It is not clear whether Andy Murray was describing the sport as a whole or merely his own contribution when yesterday, staring defeat in the face, he shattered the funereal quiet of Centre Court and bellowed 'Horrible tennis, horrible'. Both are possible.
Two days ago, having slaughtered No 3 seed Andy Roddick, he was lauded as a national hero in the light of the pitiful offerings served up by England's cricket and football teams.
But it is a cruel game that means he joins them this morning as footnotes in the summer of sporting sorrow.
His choice of words was also the perfect way to describe his display against arch-party-pooper Marcos Baghdatis who eliminated the British No 1 in three anti-climactic sets.
The Cypriot did not put a foot wrong during a 6-3, 6-4, 7-6 demolition that took less time than it takes to lose on penalties and, rather like Sven-Goran Eriksson's shower, Murray simply failed to rise to the occasion.
"I just didn't feel good in the whole match," the Scot lamented. "I hardly got myself into any rallies, which is normally what I do best.
"When you're making so many mistakes and missing so many returns, it's difficult to win the match. On return, it's got to be up there with the worst this year.
"That wasn't good and slightly disappointing after the way I played on Saturday.".
It is difficult to believe it was the same player. The man who made Roddick, a two-time Wimbledon finalist, look like a grasscourt novice made Baghdatis - a grasscourt novice, look like a two-time finalist.
The 14,000 Centre Court fans who expected Murray to move into his first Grand Slam quarter-final could not have been more taken aback.
He was broken early on, then held a break-back point as Baghdatis served for the set but could not convert it. Having saved one set-point by virtue of a lucky net-cord, he could do nothing as the world No 16 thundered an ace past him to go 1-0 up.
Murray actually took his opponent's serve in the second game of the next set but, at 4-2, he coughed up two double-faults and the advantage was gone.
It was reversed in his next service game when a ridiculous drop-shot gave Baghdatis an easy kill on 30-40. That was effectively 2-0.
Murray took the third set to a tiebreak but two more doubles in that gave Baghdatis four match points. He only needed one.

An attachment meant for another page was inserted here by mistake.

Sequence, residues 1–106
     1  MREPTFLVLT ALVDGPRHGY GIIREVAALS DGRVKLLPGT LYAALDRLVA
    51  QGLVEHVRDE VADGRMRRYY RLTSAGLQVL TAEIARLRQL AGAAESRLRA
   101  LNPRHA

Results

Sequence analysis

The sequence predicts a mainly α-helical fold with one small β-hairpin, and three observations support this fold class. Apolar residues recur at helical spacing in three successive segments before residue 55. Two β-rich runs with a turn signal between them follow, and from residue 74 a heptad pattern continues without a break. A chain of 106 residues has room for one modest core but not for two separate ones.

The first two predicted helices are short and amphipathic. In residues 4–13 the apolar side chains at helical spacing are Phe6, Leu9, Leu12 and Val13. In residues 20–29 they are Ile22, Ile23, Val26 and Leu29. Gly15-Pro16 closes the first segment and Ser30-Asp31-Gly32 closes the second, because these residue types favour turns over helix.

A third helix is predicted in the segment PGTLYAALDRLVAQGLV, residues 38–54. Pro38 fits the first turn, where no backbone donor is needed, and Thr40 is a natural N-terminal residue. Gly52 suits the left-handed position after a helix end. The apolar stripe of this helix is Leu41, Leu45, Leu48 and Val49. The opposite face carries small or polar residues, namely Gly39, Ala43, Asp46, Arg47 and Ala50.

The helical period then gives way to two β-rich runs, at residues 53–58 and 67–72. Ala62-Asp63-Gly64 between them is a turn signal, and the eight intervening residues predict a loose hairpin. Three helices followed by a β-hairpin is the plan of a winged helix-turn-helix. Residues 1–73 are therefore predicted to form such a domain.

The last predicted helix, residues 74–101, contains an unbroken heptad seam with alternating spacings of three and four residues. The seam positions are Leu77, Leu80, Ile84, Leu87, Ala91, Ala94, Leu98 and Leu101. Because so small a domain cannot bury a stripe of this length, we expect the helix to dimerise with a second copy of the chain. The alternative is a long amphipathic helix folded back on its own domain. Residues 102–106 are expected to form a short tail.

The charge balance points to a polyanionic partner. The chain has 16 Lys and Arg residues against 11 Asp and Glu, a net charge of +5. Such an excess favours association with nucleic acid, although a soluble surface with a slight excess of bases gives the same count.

By contrast another 19-year-old, Maria Sharapova, was able to find something inside to negate the fact she was not playing particularly well in her fourth-round match.
The Sharapova Shriek was in full cry on Court Two as the 2004 champion - the only previous winner left in the women's draw - was stretched almost to breaking point by No 16 seed Flavia Pennetta.
Sharapova's infamous grunt was close to an all-time high as she took more than two hours to break down Pennetta's dogged defence for a 7-6, 3-6, 6-3 win.
Having lost the second set, she also took herself off for the lengthy bathroom break that seems customary when products of Nick Bolletieri's academy get into a tight spot.
The fact that Sharapova played her worst two sets of tennis this tournament - the first two - owed a lot to Pennetta's contribution.
Although she won the first set on a tiebreak, she did it in spite of a faltering serve that relinquished seven double faults and the 21 unforced errors that emanated from both wings.
She wasted a set point on the Pennetta serve at 5-4 and one in the breaker but a big forehand return had her opponent back-pedalling and unable to control her reply.
One set up, it was assumed the Siberian would take control but Pennetta came roaring back into contention by capitalising on a string of wayward attempted winners to level the match.
Sharapova was a different animal in the decider. The howitzer forehand began to find the lines and her determined screams of "C'mon" almost drowned out the grunting.
She broke to 30 in the third game and then, with her second match point, manoeuvred Pennetta to her backhand corner and rolled the ball to the opposite side.
"I didn't feel like I was playing my best tennis; in the end, it all came down to how much I fought," Sharapova said. "I was missing a lot of approach shots and, in the third, I finally hit a few. I put a lot of pressure on her.
"I'll have to step it up for my next match. Hopefully, I'll improve tomorrow," she said in reference to her quarter-final meeting with compatriot Elena Dementieva, who ended American interest in either singles competition by slaughtering Shenay Perry in straight sets.
Also through are Belgian duo Kim Clijsters and Justine Henin-Hardenne, former French Open champion Anastasia Myskina who disposed of Venus Williams' conqueror Jelena Jankovic and No 1 seed Amelie Mauresmo but Nicole Vaidisova went out to Na Li after leading by a set and Ai Sugiyama went down to Severine Bremond.
Roger Federer glided into the last eight, as did Radek Stepanek and Jonas Bjorkman.